Three subtle ways we sunconsciously procrastinate


If you feel like you're constantly busy but getting nothing done, these three little-known, but well-established methods of procrastination could be the problem:

1. Blaming

Procrastination is significantly related to dependency on others. One way dependency manifests is blame: "XYZ can't get done without my boss/coworker." "I've done my job; I'm waiting on others to do theirs." Procrastination is even associated with passive aggressiveness and impatience. Once we realise that no one's career consists of a singular bottlenecked task, we see blaming others for what is: A form of procrastination.Procrastination is also linked to self-blame and low self-esteem. Procrastinators have high level of self-deprecation and negative thoughts about themselves and others compared to non-procrastinators.

Counterintuitively, being hard on ourselves impedes both motivation and performance. In one study, students who reported high levels of self-forgiveness for procrastinating on studying for an exam later procrastinated less on a second exam. By contrast, exam procrastinators who agreed to statements such as, "I dislike myself for procrastinating," and, "I criticize myself because of my tendency to procrastinate," showed no better behavior before the next test. This may be because the guilt produced by self-blame triggers further procrastination, the researchers claim.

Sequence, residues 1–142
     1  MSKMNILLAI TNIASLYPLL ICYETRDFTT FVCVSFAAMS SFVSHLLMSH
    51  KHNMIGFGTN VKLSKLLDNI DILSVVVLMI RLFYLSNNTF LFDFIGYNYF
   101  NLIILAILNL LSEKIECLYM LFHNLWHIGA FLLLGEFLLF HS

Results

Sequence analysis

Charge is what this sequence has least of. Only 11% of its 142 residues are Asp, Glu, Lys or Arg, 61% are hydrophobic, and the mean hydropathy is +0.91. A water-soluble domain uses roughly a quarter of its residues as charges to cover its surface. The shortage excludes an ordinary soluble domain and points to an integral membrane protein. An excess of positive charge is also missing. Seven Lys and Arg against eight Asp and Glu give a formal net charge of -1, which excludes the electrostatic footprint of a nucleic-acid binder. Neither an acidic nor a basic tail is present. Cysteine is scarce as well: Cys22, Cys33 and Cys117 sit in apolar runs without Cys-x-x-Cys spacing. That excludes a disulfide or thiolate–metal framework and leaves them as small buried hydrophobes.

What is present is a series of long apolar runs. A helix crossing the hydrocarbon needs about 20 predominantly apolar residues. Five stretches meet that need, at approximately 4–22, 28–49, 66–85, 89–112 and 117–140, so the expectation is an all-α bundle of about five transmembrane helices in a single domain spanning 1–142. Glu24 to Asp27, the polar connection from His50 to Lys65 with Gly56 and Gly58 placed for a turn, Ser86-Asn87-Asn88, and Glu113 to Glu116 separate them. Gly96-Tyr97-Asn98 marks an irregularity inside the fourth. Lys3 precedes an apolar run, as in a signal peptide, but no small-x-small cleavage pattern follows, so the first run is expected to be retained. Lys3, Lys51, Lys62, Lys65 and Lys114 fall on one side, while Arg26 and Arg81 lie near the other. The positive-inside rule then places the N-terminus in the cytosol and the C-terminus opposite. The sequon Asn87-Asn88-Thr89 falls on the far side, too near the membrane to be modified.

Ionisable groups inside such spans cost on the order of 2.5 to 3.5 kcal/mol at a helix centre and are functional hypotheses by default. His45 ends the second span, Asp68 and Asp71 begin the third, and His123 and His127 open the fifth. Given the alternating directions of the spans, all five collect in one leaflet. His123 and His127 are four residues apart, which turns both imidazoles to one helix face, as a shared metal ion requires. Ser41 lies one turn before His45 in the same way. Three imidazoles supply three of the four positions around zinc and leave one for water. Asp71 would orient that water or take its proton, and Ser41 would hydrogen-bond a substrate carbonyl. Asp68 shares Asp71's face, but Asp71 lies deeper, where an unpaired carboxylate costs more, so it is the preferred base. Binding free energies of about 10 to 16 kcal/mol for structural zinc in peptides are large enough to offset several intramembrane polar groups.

2. Perfecting

Perfectionism does not make us perform better. Instead, perfectionism is associated with binge eating, interpersonal conflict, and task avoidance. Moreover, perfectionism and procrastination together are associated with worry and depression.

Perfectionistic procrastination may be rooted in fear of making mistakes, fear of failure.

Productive people are satisfied with good enough. Instead of berating yourself when you don't reach challenging goals. "Realise that progress is better than perfection."

3. Waffling

Sometimes we procrastinate on making decisions simply because we haven't answered the question, "Why?" This fundamental oversight obscures our goals, confuses the tasks needed to make them happen, and stunts our progress.

Commitment, on the other hand, requires understanding. When people commit to marriage, it's often because they feel they fully know what—and who—they're "getting themselves into" and can properly anticipate both the risks and rewards. By the same token, we can reduce our cold feet in other aspects of our lives by understanding why we're doing something. If we don't know, we'll likely never get it done—and probably shouldn't do it anyway.

Moving Forward

Sadly, these subtle procrastination habits can slip by for years without our noticing. But there's an upside: Once we recognize them for what they are—subconscious methods that derail our productivity we're freed to return to our real work. The goal is to train our awareness and energy toward the things we know matter.

And, by the way, this solution doesn't just sound good: Research suggests that those who were "more in touch with their future selves" both two months and 10 years later reported fewer procrastination behaviors. When we define our values, commit to our goals, take responsibility for our work, and make peace with our product, we can shut down the sly ways we sabotage our potential.